Nothing much has been going on in Basrah, except of course steam
emanating from the ground (I swear) and humidity that is bringing every unfortunate asthmatic in the province to our hospital. There is a shortage of nebulizers though, and physicians have to decide which patients are in most need for them, this of course tends to make other patients a bit aggressive. I was skulking around the emergency hall last night and I saw an angry patient who was just leaving, red in the face, shaking his fist in fury, shouting that he would return and shoot every last @#%$ doctor in the hospital. The FPS guards laughed the whole thing off while puffing at their cigarettes. I suppose it would help if I tried to convince him (if he returns) that I'm actually a mere dentist, and that I'm only unfortunate enough to live here?
This is not to give the impression that everything is dandy at the primary health care clinic where I work. We've been having a shortage of antibiotic pills for almost a week now. Well not quite a shortage, you see my boss has decided to use the weekly medications ration only in the afternoon shifts. It works this way, at Iraqi primary health care clinics there is a system called ta'meen sihi (Health Insurance) which is carried out during the afternoon shifts, according to this system doctors get a fixed share from each treatment ticket, and the more patients they get in the afternoon, the more money goes down in their pockets. And since prescriptions in the morning shift bring them nothing (they're free), they have made a habit of referring
patients to the afternoon shift. Everyone is happy, except of course me since I only work morning shifts and have to do my best to convince patients to purchase their medication from outside pharmacies which are much more expensive and a burden to most villagers. A couple of days ago, when it started to get a bit embarrassing I considered reporting my boss' actions to the Basrah Health Directorate since she has been acting rather nasty with me lately, but Jabbar the old medical aide advised me not to, since corruption goes as high up in the hierarchy to the Health Director himself, and my boss would be told about it and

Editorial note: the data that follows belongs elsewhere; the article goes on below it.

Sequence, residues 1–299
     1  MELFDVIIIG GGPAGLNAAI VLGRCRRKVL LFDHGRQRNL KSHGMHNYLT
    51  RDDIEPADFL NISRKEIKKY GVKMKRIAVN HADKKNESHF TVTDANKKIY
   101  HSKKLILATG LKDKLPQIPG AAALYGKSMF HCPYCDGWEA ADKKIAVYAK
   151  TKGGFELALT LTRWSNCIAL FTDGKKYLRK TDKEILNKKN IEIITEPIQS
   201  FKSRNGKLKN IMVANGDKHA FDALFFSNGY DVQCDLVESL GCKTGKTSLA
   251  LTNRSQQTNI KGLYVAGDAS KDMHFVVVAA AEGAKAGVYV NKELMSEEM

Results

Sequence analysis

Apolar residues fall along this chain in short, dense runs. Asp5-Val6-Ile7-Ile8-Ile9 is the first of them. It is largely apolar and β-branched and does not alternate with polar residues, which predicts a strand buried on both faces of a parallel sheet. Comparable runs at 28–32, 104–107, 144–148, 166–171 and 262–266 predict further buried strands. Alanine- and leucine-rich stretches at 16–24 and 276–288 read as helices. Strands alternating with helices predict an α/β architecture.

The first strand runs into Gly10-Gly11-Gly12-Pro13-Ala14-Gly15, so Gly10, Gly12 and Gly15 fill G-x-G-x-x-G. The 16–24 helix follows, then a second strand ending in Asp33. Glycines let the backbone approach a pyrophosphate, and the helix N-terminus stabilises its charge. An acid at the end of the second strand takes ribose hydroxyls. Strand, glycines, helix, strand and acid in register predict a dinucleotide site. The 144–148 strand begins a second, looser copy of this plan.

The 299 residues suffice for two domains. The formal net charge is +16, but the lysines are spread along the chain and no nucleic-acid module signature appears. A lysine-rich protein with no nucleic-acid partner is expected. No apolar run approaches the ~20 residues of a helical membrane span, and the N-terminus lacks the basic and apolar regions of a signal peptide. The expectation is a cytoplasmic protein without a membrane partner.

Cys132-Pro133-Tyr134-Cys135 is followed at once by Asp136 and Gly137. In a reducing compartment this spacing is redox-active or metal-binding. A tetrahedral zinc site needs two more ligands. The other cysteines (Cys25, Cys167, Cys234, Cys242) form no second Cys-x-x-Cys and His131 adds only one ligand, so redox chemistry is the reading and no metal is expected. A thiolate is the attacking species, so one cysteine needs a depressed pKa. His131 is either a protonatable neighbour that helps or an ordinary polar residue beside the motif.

thus creating endless trouble for me. Sometimes I feel that these
leftovers from the former system will never disappear even though
everyone gets fair salaries now.
Banditry has somewhat ceased over the last few days. A top member of SCIRI (Supreme Council for Islamic Revolution in Iraq) was carjacked close to Al-Dayr north of Basrah, and he was reported to be injured by the bandits. A force from Faylaq Badr (Badr Corps, SCIRI's armed wing) entered the town hours later and forcefully deported all the Mi'dan residents. It's a bit ironic that SCIRI which has a history of fighting the former regime's forces from the marsh areas to defend the Mi'dan tribes from forced deportation are now doing the same thing. Shortly afterwards, Badr members started patrolling the main road between Basrah and Amarrah with the help of IP in the area and with the British turning a blind eye to it all (since they couldn't deal with the bandits themselves). There were a couple of incidents in which Badr used mortars last Thursday to force the Mi'dan to leave a few villages near Qurna and Al-I'zair. No one is complaining as long as it keeps the road safe. All attempts to convince the Mi'dan to resettle in their original villages in the marsh areas have failed, I guess they found that banditry and carjacking is a much more profitable